MESSAGE FROM THE NORTHEAST
Honolulu Lodge's Long Term Strategies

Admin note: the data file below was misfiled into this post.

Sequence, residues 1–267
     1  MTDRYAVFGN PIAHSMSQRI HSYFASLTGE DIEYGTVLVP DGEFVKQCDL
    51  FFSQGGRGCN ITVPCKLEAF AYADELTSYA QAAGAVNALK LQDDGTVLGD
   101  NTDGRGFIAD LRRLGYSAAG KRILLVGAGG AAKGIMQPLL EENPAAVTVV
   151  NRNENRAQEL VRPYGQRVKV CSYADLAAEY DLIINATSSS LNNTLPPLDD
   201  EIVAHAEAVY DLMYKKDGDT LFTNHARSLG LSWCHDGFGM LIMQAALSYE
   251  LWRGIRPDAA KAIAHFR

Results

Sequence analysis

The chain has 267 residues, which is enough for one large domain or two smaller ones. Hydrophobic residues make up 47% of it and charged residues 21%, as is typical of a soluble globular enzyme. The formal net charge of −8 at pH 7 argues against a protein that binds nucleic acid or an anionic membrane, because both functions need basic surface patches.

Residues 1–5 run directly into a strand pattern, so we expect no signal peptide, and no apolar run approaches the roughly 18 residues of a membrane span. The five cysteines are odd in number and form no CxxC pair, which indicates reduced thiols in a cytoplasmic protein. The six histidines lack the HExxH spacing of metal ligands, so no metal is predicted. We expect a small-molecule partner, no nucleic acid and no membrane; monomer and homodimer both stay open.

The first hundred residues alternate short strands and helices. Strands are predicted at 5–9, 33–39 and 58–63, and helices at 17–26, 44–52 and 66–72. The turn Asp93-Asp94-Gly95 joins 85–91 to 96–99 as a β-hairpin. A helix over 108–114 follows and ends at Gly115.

The first quarter of the year 2000 for Honolulu Lodge has been a marked departure from previous years. Ruled and governed by Worshipful George Theofanis, the lodge has embarked on a strategy of high profile community service projects, with the objectives of i.) Emphasizing Masonry's role in public service as a means of enhancing recruitment; ii.) Effecting a higher motivation and bonding amongst our brethren by drawing them into working together toward defined short, term and intermediate term goals. iii). Propagating fraternal ties with other lodges. The feasibility of this somewhat experimental approach must be measured not only with regard to whether these objectives are being met, but also whether so at the neglect of degree work and more traditional obligations. The community service projects have undoubtedly brought the brethren closer together, with a spirit of striving and sometimes straining together for the common goal of benefiting someone else. Veteran members who previously tended to be sideliners seemed to bloom forth with hitherto unnoticed zeal. Brother Terrence Derby, took lead roles in lining up yo-yo ranked amateurs for the January 14th Shriners Hospital performance by Hawaiian music group, Hapa. On the same date, newly obligated brother Fred Chang arranged food. Junior Steward Mark Bleakney, quiet and unassuming ('except on his Harley) bounced young Children on his knee, and Scott Shimamura, not yet a Mason, served food, stacked chairs and generally acted like he had a natural calling to Masonry. The Kaelepulu Bird Sanctuary cleanup project of March 26th, brought Randy "Baba" Chang, and Brothers Horst Solfrank and Jeff Dexter from Hawaiian Lodge, and Worshipful Gary Camp and Senior Warden Charlie Wegner from Koolau Lodge to join the Honolulu brethren in clearing nesting areas in the waterfowl refuge. Out of the sore shoulders, cramped hands, and scraped knees, working side by side, down-'n-dirty in the swamp, came many unspoken yet heartfelt bonds between lodges, as well as individuals. The April 11th project, preparing and serving tuna casserole to some 350 homeless people at the Institute for Human Services Shelter, Brothers showed up to man the serving lines. This wasn't just about ducks without habitats or people without food; through these projects, the Brothers were learning about each other and perhaps finding more about them selves.